This book brings together a variety of perspectives to explore the role of literature in the aftermath of political conflict, studying the ways in which writers approach violent conflict and the equally important subject of peace. Essays put insights from Peace and Conflict Studies into dialog with the unique ways in which literature attempts to understand the past, and to reimagine both the present and the future, exploring concepts like truth and reconciliation, post-traumatic memory, historical reckoning, therapeutic storytelling, transitional justice, archival memory, and questions about victimhood and reparation. Drawing on a range of literary texts and addressing a variety of post-conflict societies, this volume charts and explores the ways in which literature attempts to depict and make sense of this new philosophical terrain. As such, it aims to offer a self-conscious examination of literature, and the discipline of literary studies, considering the ability of both to interrogate and explore the legacies of political and civil conflict around the world. The book focuses on the experience of post-Apartheid South Africa, post-Troubles Northern Ireland, and post-dictatorship Latin America. The recent history of these regions, and in particular their acute experience of ethno-religious and civil conflict, make them highly productive contexts in which to begin examining the role of literature in the aftermath of social trauma. Rather than a definitive account of the subject, the collection defines a new field for literary studies, and opens it up to scholars working in other regional and national contexts. To this end, the book includes essays on post-1989 Germany, post-9/11 United States, the Israeli-Palestinian conflict, Sierra Leone, and narratives of asylum seeker/refugee communities. This volume’s comparative frame draws on well-established precedents for thinking about the cultural politics of these regions, making it a valuable resource for scholars of Comparative Literature, Peace and Conflicts Studies, Human Rights, Transitional Justice, and the Politics of Literature.

chapter |16 pages


Post-Conflict Literature?
ByChris Andrews, Matt McGuire

part |64 pages

Northern Ireland

chapter |12 pages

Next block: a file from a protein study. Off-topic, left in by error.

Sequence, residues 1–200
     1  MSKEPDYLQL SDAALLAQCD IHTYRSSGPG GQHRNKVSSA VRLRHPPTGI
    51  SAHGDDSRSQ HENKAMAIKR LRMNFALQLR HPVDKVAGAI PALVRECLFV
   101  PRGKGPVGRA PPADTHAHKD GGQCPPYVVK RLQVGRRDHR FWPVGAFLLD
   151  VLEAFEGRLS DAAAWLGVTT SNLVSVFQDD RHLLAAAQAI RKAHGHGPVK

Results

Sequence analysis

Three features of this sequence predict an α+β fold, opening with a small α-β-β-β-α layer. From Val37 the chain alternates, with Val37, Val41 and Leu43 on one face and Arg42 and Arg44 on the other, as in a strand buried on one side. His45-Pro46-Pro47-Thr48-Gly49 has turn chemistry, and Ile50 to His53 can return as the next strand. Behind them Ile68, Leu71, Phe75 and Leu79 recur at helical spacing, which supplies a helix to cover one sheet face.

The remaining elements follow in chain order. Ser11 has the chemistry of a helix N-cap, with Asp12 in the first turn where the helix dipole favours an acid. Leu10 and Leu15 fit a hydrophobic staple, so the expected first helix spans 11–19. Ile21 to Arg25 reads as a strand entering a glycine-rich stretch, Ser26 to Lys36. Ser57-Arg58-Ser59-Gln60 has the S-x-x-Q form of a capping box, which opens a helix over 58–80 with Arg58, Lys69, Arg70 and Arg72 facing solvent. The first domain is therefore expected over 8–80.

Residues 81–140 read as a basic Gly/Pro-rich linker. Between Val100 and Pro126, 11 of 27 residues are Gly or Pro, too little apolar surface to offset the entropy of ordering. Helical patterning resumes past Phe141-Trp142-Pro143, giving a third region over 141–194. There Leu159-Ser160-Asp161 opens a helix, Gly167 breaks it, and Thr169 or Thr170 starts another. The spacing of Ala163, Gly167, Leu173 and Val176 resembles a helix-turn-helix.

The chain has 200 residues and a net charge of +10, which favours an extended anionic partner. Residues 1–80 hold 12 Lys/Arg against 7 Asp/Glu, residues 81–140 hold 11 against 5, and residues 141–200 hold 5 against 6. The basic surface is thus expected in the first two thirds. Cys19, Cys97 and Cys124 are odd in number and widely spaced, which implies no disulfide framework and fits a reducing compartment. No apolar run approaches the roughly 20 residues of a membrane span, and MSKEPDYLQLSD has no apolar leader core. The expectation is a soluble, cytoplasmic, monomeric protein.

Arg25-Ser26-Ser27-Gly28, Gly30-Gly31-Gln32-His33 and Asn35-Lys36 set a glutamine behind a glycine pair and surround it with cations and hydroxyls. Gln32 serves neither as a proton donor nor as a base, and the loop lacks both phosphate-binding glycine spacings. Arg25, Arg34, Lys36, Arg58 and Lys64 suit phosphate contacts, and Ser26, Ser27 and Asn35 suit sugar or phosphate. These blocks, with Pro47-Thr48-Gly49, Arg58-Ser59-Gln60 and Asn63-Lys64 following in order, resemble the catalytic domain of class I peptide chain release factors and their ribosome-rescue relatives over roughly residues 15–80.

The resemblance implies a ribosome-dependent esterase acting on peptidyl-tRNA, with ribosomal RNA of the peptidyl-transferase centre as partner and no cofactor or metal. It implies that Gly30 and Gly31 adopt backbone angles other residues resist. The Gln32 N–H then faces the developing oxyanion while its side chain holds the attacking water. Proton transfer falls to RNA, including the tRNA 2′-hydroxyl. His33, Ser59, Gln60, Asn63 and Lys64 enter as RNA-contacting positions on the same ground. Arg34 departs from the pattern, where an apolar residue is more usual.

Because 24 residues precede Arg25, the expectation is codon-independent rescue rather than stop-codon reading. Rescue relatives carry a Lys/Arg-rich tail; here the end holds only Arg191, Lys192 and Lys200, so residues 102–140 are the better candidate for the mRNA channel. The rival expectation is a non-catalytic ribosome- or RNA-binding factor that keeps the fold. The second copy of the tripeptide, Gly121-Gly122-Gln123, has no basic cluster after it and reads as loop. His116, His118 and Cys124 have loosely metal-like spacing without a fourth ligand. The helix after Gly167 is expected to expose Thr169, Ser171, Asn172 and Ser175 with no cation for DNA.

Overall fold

Tragedy and Transitional Justice

Seamus Heaney's The Cure at Troy
ByMatt McGuire

chapter |12 pages

‘Absent and yet Somehow Still Present'

Representing the Irish Disappeared in Contemporary Photography and Fiction
ByStefanie Lehner

chapter |13 pages

‘My Narrative Falters, as it Must'

Rethinking Memory in Recent Northern Irish Fiction
ByCaroline Magennis

chapter |13 pages

Egg and Sky

Two Ways of Remembering the Northern Ireland Conflict in Deirdre Madden's One by One in the Darkness
ByRichard Rankin Russell

chapter |12 pages

Stories from Inside

The Prisons Memory Archive
ByCahal McLaughlin

part |38 pages

South Africa

chapter |13 pages

The Postmodern Truths of J. M. Coetzee

ByJames Gourley

chapter |11 pages

Lyric Arrest

South African Poetry after Apartheid
ByJarad Zimbler

chapter |12 pages

Haunted Imaginaries

The Anxiety of Influence in Nadine Gordimer's Fiction
ByTony Simoes da Silva

part |55 pages

South America

chapter |17 pages

From Private Memory to Public Memory

Transitional Justice and the Revision of Official Memory of the Dirty War in Argentina
ByMichael Humphrey, Estela Valverde

chapter |17 pages

Transvestites and Traitors in Felix Bruzzone's Los Topos

Resisting the Symbolic Realization of the Junta's Genocide Project in Argentina 1
ByAna Ros, Mariana Grajales

part |51 pages

Other Contexts

chapter |12 pages

After the Fall

Marking Trauma in Art Spiegelman's In the Shadow of No Towers
ByShane Alcobia-Murphy

chapter |10 pages

Family Reunion

The Potential of Digital Storytelling and the Tracing Files of the Australian Red Cross International Tracing Service
ByMilissa Deitz

chapter |14 pages

Justice, the Confessional and the Violin

Objects and Object-Mediated Relations of Loss in Jaume Cabré's Confessions
ByMagdalena Zolkos